These “blackballings” of contradictory statements by financial institutions all appear to be aimed at conservative groups. Left-wing groups like Antifa and Black Lives Matter appear not to have been sanctioned by financial institutions, despite allegations of violence. ActionNetwork, a turnkey social and posting platform for all manner of “progressive” causes, large and small, enables posts over credit cards.

A virus introduced in 2013

It all seems to have started with “Operation Choke Point” a secret regulatory policy initiated by the Obama administration in 2013 that allegedly targets money laundering, but also arms and ammunition sellers and so-called “payday Lenders” (who make loans that must be repaid on the next payday). Documents discovered in a court case showed that some regulators in the Obama administration abhor these types of deals, even though they are legal.

Dennis Shaul, CEO of the Community Financial Services Association of America, wrote an article for The American banker in which he described the animosity towards the industry that regulators tried to cover up when it came to light; then he wrote:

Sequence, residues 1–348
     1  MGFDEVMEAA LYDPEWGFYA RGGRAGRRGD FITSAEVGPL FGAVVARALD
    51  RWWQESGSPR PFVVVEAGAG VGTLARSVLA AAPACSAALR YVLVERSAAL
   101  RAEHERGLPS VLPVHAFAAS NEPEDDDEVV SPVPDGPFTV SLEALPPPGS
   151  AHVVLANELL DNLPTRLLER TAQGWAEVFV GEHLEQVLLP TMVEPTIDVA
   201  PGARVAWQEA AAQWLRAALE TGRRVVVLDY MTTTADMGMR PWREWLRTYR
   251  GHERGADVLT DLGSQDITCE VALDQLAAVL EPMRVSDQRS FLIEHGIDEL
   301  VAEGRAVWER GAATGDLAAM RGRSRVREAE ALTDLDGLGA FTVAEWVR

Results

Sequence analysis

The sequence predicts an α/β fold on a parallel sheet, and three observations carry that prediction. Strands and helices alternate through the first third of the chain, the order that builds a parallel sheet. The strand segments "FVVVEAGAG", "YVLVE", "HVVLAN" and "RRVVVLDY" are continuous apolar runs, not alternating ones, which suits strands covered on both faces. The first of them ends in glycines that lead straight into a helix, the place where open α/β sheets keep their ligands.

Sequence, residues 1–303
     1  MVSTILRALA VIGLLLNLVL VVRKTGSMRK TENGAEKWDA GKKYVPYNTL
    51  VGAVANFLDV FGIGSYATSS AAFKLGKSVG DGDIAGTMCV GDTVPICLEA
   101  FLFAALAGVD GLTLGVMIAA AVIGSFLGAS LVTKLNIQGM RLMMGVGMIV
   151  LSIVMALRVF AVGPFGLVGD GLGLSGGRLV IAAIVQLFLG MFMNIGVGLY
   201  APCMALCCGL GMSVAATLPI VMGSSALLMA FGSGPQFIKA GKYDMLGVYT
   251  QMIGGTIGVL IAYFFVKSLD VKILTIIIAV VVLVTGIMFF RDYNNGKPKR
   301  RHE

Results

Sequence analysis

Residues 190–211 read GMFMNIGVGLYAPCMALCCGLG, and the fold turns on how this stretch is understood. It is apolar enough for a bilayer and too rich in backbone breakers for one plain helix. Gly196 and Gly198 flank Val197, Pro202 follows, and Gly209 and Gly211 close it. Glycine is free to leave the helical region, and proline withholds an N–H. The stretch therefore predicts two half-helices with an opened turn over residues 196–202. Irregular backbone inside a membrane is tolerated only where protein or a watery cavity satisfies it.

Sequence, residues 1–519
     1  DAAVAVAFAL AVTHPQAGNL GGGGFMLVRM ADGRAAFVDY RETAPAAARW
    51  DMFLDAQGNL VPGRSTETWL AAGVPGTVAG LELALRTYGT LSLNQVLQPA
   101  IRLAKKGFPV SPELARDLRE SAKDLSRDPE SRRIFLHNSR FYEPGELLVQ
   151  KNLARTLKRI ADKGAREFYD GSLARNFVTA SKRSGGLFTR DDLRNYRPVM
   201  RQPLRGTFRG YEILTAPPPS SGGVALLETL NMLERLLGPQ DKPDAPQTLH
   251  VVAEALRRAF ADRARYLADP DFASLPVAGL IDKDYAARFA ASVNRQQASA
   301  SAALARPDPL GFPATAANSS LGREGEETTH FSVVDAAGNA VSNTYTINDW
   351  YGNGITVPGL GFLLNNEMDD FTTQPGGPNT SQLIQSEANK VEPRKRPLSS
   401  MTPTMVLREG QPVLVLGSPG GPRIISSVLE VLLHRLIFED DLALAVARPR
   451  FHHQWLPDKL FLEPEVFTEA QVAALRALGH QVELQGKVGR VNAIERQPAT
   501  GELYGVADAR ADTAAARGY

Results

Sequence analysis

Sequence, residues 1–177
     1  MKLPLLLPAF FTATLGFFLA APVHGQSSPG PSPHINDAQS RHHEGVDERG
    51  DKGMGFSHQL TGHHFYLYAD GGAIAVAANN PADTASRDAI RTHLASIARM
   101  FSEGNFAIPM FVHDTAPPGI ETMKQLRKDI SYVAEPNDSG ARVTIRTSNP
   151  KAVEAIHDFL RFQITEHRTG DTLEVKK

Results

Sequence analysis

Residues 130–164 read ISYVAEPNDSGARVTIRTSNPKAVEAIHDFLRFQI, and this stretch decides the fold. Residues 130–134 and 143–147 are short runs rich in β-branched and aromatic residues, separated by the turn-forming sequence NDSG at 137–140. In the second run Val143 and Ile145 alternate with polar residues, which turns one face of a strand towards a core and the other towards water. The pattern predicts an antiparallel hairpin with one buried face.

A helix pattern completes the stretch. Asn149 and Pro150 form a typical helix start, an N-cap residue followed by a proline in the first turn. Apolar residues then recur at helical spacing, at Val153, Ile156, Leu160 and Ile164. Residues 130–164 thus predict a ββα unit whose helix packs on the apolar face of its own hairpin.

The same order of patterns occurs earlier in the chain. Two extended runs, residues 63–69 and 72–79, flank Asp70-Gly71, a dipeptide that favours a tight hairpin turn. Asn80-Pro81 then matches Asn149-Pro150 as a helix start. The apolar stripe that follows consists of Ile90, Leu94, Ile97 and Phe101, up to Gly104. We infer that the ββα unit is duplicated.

“A dangerous precedent has been set here. If government regulators under one administration can attack companies they personally dislike, every subsequent administration can do the same. Personal bias cannot be the standard for regulation, and government should never flout due process or regulatory procedures to choke off legitimate businesses.”

Luckily the Justice Department completed Operation Choke Point in the early months of the Trump administration.

But that doesn’t seem to have ended the communist social credit regime imposed by the financial institutions. Some banks continue to erect barriers to financial services because of their own subjective views of legitimate business and controversial opinions, even though they are no longer under the mace of government regulation. Most are encouraged to do so by ESG-aware private equity managers and public pension funds.

Just last month, for example, the Attorneys General of California and New York wrote to the big three credit card companies, asking them to establish a merchant category code for gun and ammunition merchants. Pension funds for public employees soon jumped on the initiative, citing alleged “regulatory, reputational and litigation disputes that could impact long-term shareholder value” at the credit card issuers. One can easily imagine that if banks give in to this demand, they could very well be asked to “debank” controversial political movements, political parties and religious institutions.

Financial service companies are public utilities and joint sponsors